I.M.R.C. "IRISH MOTOR DERBY" CORK INTERNATIONAL CAR RACES MEETING, 1938

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I.M.R.C. “IRISH MOTOR DERBY” CORK INTERNATIONAL CAR RACES MEETING, 1938

AS has already been announced, Saturday, April 23rd, 1938, has been inscribed on the International Sporting Calendar as the Irish Free

State’s motor-racing fixture On this date, The Irish Motor Racing Club will, with the co-operation of the Cork and District Motor Club, promote the Cork International Car Races Meeting. Thanks to the public spirited and generous action of Mr. Joseph McGrath, Managing Director of the Irish Hospitals Trust, the event will be one of outstanding, and so far as these countries are concerned, unprecedented importance. Mr. McGrath will present the entire prize fund and give a most generous contribution to the cost of organisation, the balance of which is being locally subscribed in Cork. The meeting will consist of three races : a 200 mile race under the new International Formula, to be known as the Cork Grand Prix ; a formula free race of seventy-five miles or thereabouts for cars not exceeding ii-litres, which will probably be called the Cork International Light Car Race—both of which will, of course, be scratch events ; and a fifty mile handicap, confined to entries of racing and sports-cars from Great Britain and Ireland and to be known as the Cork National Motor Handicap. Prize money for these three events has been fixed as follows :— Cork Grand 1,500 c.c. National Prix Race Handicap 1st 2nd 3rd £1,000 £500 000 £250 £150 £100 £100 £50 L35

A HOME-BUILT SPECIAL

A large number of readers are interested in home-constructed special cars and we learn that Laurence Allen has such a car in course of construction. It has a 1925-6 big-port 12-50 h.p. Alvis engine in a Riley ” Redwing ” chassis, the chassis having been built up of spare parts at a very moderate cost—bits of it date back to 1923. The final drive ratio is 4 to 1 and, as 4.75′ x 19′ tyres are being used, quite a ” 30/98 ” effect should be obtained. The engine now has two horizontal S.U. carburetters replacing the original single carburetter and a twenty thousandth solid copper gasket to obtain an increase of compression ratio. A new exhaust system will be necessary. The engine has been very carefully re-assembled, big end and main bearings re-metalled and the crankshaft re-ground. The head was lapped to the block with extreme care—three weeks of spare time work. Mr. Allen, with the aid of his brother, has done all the work in the home workshop, so far only calling in outside assistance in turning out a flange in the flywheel, which would not fit their lathe. The car should be on the road by next March. It is temporarily called an Allen Special because the builders have been unable to think of any suitable name repeatable in polite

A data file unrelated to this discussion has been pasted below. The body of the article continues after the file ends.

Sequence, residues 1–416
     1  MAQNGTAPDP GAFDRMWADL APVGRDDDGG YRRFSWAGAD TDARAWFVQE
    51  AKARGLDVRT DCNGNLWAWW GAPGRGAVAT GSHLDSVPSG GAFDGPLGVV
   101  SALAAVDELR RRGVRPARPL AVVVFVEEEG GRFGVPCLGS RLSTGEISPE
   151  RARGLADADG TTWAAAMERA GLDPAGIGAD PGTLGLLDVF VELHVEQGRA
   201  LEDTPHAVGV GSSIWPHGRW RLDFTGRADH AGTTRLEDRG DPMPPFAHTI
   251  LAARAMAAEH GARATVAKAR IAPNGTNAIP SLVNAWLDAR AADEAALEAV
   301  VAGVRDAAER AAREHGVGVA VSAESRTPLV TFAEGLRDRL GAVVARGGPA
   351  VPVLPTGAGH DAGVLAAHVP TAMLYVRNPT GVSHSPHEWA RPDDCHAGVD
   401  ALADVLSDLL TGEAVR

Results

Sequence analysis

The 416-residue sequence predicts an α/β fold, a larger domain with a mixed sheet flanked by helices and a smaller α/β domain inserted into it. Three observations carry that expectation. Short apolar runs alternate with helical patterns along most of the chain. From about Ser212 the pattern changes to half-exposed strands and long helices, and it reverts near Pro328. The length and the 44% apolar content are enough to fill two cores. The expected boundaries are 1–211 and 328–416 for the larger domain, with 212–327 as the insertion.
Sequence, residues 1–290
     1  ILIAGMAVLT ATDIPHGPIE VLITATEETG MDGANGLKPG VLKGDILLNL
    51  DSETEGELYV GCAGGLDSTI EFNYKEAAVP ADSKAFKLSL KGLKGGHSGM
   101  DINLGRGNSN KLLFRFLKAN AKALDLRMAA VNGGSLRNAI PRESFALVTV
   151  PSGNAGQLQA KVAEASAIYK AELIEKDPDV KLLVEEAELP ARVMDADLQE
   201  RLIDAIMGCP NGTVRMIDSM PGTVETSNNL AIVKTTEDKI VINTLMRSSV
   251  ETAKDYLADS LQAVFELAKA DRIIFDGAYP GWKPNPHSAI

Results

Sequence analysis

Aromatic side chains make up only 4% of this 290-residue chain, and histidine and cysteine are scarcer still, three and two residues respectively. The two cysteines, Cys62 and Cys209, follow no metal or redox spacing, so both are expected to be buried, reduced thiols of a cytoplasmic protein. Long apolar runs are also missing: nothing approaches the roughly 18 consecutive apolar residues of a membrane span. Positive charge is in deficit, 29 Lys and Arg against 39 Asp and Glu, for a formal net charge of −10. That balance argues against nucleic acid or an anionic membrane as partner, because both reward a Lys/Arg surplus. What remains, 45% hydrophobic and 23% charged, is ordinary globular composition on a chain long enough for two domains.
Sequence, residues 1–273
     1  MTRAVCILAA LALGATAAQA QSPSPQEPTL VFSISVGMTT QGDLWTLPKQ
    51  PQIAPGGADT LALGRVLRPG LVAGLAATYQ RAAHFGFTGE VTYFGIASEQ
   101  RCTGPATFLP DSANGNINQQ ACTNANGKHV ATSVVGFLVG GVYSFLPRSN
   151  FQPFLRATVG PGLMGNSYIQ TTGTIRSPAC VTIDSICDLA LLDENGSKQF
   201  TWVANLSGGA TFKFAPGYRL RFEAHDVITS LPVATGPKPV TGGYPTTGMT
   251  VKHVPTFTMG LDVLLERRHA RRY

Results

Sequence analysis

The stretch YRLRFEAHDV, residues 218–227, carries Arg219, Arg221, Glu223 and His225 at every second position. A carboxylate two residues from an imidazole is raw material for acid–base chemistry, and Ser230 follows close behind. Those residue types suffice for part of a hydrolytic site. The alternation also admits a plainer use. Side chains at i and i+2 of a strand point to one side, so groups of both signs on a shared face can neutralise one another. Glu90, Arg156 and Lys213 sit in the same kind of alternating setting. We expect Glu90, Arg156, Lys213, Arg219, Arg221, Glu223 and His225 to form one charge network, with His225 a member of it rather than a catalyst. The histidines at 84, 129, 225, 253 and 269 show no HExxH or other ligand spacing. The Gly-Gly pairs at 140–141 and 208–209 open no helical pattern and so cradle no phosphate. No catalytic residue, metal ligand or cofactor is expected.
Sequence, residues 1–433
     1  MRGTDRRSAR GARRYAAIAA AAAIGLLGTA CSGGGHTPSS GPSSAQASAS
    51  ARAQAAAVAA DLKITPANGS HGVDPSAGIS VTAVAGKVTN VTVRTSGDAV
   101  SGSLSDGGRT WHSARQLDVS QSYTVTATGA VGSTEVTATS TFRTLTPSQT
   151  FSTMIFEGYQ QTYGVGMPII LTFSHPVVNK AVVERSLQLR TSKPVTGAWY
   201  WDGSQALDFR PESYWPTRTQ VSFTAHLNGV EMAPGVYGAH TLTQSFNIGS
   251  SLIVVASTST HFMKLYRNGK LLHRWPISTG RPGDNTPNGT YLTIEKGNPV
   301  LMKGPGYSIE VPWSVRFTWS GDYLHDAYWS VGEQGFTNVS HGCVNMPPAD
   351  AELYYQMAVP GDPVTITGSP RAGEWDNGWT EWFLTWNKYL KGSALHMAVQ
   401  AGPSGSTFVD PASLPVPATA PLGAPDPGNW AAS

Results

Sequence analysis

society ! Suggestions are invited. 4th L100 L75 £15 5th £50 6th £25

and L50 for best performance by 1,100 c.c. car.

It is intended that there should be three practising sessions and since all three races could not be conveniently run on one day, it is proposed that the Handicap Race and final practising for the 1,500 c.c. and Grand Prix cars should take place on the afternoon of Friday, 22nd April, 1938. All arrangements for that afternoon will be on the same stale as for the following day’s racing and there will probably be a charge for admission to the various stands and enclosures. In addition to the Handicap Race, the proceedings will be in the nature of a full dress rehearsal of the organisation for Saturday.

The Cork Grand Prix will be one of the first races to be held under the new racing formula. The Irish Motor Racing Club has already made tentative contacts. with some of the Continental racing teams. and has had assurances of their intention to compete in Cork. The promoters have every hope, not only that Germany will be represented by Mercedes and Auto-Union, but of the appearance of the new formula Darracqs and Delahayes representing Prance. All three races wilt, of course, be run on the renowned Carrigrohane circuit, which is one of the fastest and most perfect road courses in Europe. The lap length is 6 miles 154 yards and the course is famous for its unique 2i mile dead